September 22, 2011

A dull and heavy weight

On September 22, 1854, Frederick Douglass' Papers published a poem by Frances Ellen Watkins (later Mrs. Harper). Though she was born free, as were her parents, as a black woman she recognized the plight of enslaved members of her race. Her poem, "The Slave Auction," dramatically shows the life-altering aspects of families broken up for sale, similar to scenes in Harriet Beecher Stowe's Uncle Tom's Cabin from two years earlier. Unlike Stowe, however, who sought empathy in her readers, Watkins insists nothing else can relate to this experience. She starts the poem just as the sale is beginning, and pushes the poem forward with a series of stanzas starting with "and" — the result is a building feeling of discomfort right up to its conclusion:

The sale began — young girls were there,
   Defenceless in their wretchedness,
Whose stifled sobs of deep despair
   Revealed their anguish and distress.

And mothers stood with streaming eyes,
   And saw their dearest children sold;
Unheeded rose their bitter cries,
   While tyrants bartered them for gold.

And woman, with her love and mirth —
   For these in sable forms may dwell —
Gaz'd on the husband of her youth,
   With anguish none may paint or tell.

And men, whose sole crime was their hue,
   The impress of their Maker's hand,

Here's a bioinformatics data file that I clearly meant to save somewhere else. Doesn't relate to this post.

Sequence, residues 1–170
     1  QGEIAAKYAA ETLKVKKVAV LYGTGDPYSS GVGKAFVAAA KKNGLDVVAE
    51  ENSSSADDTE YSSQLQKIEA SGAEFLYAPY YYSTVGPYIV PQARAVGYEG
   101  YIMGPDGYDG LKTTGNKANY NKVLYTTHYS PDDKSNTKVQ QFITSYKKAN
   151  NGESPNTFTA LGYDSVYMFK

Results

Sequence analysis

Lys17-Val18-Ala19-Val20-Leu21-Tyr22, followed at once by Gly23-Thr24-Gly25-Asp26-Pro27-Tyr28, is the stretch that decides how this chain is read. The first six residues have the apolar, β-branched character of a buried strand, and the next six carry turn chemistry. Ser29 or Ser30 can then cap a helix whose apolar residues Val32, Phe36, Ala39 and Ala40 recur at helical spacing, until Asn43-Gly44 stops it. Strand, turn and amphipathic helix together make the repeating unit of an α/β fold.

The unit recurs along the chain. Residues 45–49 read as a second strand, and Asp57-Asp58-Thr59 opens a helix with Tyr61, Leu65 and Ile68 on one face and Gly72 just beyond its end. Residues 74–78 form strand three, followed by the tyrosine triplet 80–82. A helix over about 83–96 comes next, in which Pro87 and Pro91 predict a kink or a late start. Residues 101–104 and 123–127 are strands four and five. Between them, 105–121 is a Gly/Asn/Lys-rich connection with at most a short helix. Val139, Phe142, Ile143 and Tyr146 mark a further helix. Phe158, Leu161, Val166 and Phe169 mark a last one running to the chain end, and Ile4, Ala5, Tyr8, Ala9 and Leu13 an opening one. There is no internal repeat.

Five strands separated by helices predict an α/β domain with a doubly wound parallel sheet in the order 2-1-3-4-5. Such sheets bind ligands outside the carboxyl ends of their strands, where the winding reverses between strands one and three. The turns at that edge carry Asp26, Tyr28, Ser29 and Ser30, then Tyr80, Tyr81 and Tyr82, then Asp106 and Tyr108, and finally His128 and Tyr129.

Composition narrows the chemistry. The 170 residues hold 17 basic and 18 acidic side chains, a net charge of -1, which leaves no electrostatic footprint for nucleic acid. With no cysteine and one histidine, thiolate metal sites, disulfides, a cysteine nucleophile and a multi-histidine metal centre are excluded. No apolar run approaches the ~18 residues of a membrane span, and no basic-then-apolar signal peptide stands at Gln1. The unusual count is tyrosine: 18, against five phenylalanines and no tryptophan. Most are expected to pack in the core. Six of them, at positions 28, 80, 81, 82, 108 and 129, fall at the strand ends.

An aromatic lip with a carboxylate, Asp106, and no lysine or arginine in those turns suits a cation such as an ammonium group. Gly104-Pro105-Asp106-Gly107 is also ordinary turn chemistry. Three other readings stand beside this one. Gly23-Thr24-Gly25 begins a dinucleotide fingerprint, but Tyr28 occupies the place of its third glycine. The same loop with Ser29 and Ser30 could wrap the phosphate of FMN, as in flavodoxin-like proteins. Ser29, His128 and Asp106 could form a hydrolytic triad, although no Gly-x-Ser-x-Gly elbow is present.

And frail and shrinking children, too,
   Were gathered in that mournful band.

Ye who have laid your love to rest,
   And wept above their lifeless clay,
Know not the anguish of that breast,
   Whose lov'd are rudely torn away.

Ye may not know how desolate
   Are bosoms rudely forced to part,
And how a dull and heavy weight
   Will press the life-drops of the heart.

*Recommended reading: A Brighter Coming Day: A Frances Ellen Watkins Harper Reader (1993), edited by Frances Smith Foster.


  1. Great article, i like this post, such has a good and useful ideas.
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  2. I get spam comments every once in a while on here - but I thought I'd let this one slide. It is, after all, the most insensitive 13 words I've ever seen in response to an antebellum slave auction. Yes, a SLAVE AUCTION. What ideas were taken from this, dear commenter? How to destroy families for personal gain? How to turn someone into livestock or property based solely on the color of their skin? Or are you just curious to experience your own bosom rudely forced to part whlie the heavy weaight against your heart presses your own life away? Please, do tell.


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